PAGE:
4 items from 2015
The daggers are out for Jason Schwartzman's novelist Philip Lewis Friedman in this acerbic comic character study that doubles as a rib-tickling guide in how to lose friends and alienate people. Indeed, it's the titular writer who is the architect of his own misery (not the critics) by treating people with disdain. Similarly, writer/director Alex Ross Perry challenges viewers by making his antihero so anti-everything.
Playing the erudite idiot is second nature to Schwartzman, having done so in films dating back to Wes Anderson's Rushmore, and it's hard to imagine anyone else hurling elaborate insults with the same devastatingly flat delivery. His arrogance is countered by a deliciously dense voiceover from Eric Bogosian who speaks with the air of superiority you would »
Robert Sheehan (Geostorm, Mortal Instruments) has been cast as the male lead in Dustin Lance Black's The Statistical Probability of Love at First Sight alongside Hailee Steinfeld. Sales company The Exchange will be bringing the feature to Cannes and offer it to international buyers. The Exchange's CEO Brian O'Shea announced the casting on Thursday. CAA holds domestic sales rights. The film is written, directed and executive produced by Black (Milk, J. Edgar) and produced by Bruna Papandrea (Gone Girl), Caroline Kaplan (Boyhood) and Steve Hutensky (The Human Stain). Production is set to begin later this year. Read More Cannes:
- Georg Szalai
“Ewan’s talent goes far beyond his on-screen work, and we’re excited to be working with a director who is as passionate as we are about telling the story of ‘American Pastoral,’” Lakeshore CEO Tom Rosenberg said in a statement.
“It’s a great privilege to be working with Lakeshore on Phillip Roth’s astounding novel ‘American Pastoral,'” McGregor said. “I’ve wanted to direct for years and wanted to wait until I found a story that I ‘had’ to tell, and in this script I knew I had found that story.”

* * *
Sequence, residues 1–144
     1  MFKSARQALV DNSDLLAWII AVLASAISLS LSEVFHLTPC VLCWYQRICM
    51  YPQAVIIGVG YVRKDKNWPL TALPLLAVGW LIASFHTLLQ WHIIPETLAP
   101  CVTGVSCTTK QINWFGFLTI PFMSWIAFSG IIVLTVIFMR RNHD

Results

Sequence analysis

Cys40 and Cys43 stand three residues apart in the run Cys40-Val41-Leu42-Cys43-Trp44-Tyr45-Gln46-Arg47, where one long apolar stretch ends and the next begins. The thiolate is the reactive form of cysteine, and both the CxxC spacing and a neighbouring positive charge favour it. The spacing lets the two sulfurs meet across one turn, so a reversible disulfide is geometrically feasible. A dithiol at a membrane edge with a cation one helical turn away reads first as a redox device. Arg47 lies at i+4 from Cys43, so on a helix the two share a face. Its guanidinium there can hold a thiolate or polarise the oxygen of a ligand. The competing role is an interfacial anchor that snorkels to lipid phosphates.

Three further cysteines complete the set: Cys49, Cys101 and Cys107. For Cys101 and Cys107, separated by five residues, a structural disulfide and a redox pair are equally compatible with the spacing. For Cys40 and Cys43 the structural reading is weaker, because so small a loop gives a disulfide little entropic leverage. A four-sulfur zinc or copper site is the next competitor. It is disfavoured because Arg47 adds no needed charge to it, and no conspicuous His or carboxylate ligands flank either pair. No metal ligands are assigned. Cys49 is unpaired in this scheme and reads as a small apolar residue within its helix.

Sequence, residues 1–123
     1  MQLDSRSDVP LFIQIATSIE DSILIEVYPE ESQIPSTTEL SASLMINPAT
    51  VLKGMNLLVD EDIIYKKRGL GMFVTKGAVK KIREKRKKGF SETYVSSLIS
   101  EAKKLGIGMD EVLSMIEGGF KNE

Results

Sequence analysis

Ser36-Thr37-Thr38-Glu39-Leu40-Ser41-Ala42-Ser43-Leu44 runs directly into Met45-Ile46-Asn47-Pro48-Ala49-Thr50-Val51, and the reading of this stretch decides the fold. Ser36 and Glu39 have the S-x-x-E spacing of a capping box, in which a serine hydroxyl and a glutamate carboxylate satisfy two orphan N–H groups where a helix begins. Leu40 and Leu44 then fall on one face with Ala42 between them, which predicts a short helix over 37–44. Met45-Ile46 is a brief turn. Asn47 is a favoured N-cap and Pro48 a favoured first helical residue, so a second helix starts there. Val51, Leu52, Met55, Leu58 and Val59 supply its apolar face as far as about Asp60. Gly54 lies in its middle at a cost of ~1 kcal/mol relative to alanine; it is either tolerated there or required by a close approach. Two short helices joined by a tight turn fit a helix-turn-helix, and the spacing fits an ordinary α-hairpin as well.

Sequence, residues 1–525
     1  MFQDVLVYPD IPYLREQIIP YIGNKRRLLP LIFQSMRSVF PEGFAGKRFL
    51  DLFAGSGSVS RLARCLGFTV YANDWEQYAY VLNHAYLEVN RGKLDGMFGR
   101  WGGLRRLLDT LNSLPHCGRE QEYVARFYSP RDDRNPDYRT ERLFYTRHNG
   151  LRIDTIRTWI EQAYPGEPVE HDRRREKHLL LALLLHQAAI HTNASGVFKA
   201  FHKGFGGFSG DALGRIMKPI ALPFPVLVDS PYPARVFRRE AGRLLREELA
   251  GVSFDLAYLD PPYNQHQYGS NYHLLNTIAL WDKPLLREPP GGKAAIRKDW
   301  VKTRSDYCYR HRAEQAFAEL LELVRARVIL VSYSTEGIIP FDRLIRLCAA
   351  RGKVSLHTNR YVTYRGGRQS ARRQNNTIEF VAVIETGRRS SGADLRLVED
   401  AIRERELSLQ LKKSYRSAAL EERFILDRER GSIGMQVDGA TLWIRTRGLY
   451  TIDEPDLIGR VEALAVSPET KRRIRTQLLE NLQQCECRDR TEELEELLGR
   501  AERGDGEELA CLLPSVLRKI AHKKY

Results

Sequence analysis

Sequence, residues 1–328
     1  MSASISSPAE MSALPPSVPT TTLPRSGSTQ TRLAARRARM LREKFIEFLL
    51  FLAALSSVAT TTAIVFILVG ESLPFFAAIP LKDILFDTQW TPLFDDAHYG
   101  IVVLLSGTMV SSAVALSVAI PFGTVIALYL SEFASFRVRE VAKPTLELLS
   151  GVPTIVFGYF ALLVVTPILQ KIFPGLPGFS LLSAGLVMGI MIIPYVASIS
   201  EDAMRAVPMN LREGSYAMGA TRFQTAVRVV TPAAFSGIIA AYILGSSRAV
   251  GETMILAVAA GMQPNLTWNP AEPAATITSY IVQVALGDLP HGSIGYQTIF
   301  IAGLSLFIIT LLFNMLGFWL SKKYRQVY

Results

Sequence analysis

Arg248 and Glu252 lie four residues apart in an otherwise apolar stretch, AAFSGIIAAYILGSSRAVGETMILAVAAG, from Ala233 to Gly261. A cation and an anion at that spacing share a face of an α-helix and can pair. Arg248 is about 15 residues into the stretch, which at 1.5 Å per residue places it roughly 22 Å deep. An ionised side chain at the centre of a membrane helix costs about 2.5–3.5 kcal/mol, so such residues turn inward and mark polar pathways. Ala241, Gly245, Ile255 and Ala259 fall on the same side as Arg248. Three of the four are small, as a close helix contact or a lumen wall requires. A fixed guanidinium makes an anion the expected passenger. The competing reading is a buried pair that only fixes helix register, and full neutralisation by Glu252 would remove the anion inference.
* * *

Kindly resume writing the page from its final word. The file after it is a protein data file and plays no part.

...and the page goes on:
The screenplay was written by John Romano with filming scheduled for September in Pittsburgh. »
- Dave McNary
Or The Unexpected Convenience of Sexism: Levinson’s Perplexing but Deviously Funny Stab at Roth
Decades passed between initial adaptations of novelist Philip Roth’s novels (1969’s Goodbye Columbus; 1972’s Portnoy’s Complaint) before filmmakers like Robert Benton and Isabel Coixet mounted their own renditions to varied reception in the past decade or so with The Human Stain (2003) and Elegy (2008), respectively. After a decently received found footage horror film with 2012’s The Bay, seasoned director Barry Levinson adapts The Humbling, which, like Roth’s novel itself, initially received some of the same unfavorable notices from Venice and Toronto Int. Film Fests. But Roth’s novels are exactly the kind of difficult narratives that used to make for a tradition of daring cinema that’s been eclipsed by safety and sanitization in an effort to decrease offense and increase mass satisfaction. That’s not to say that Levinson is entirely successful »
- Nicholas Bell
4 items from 2015
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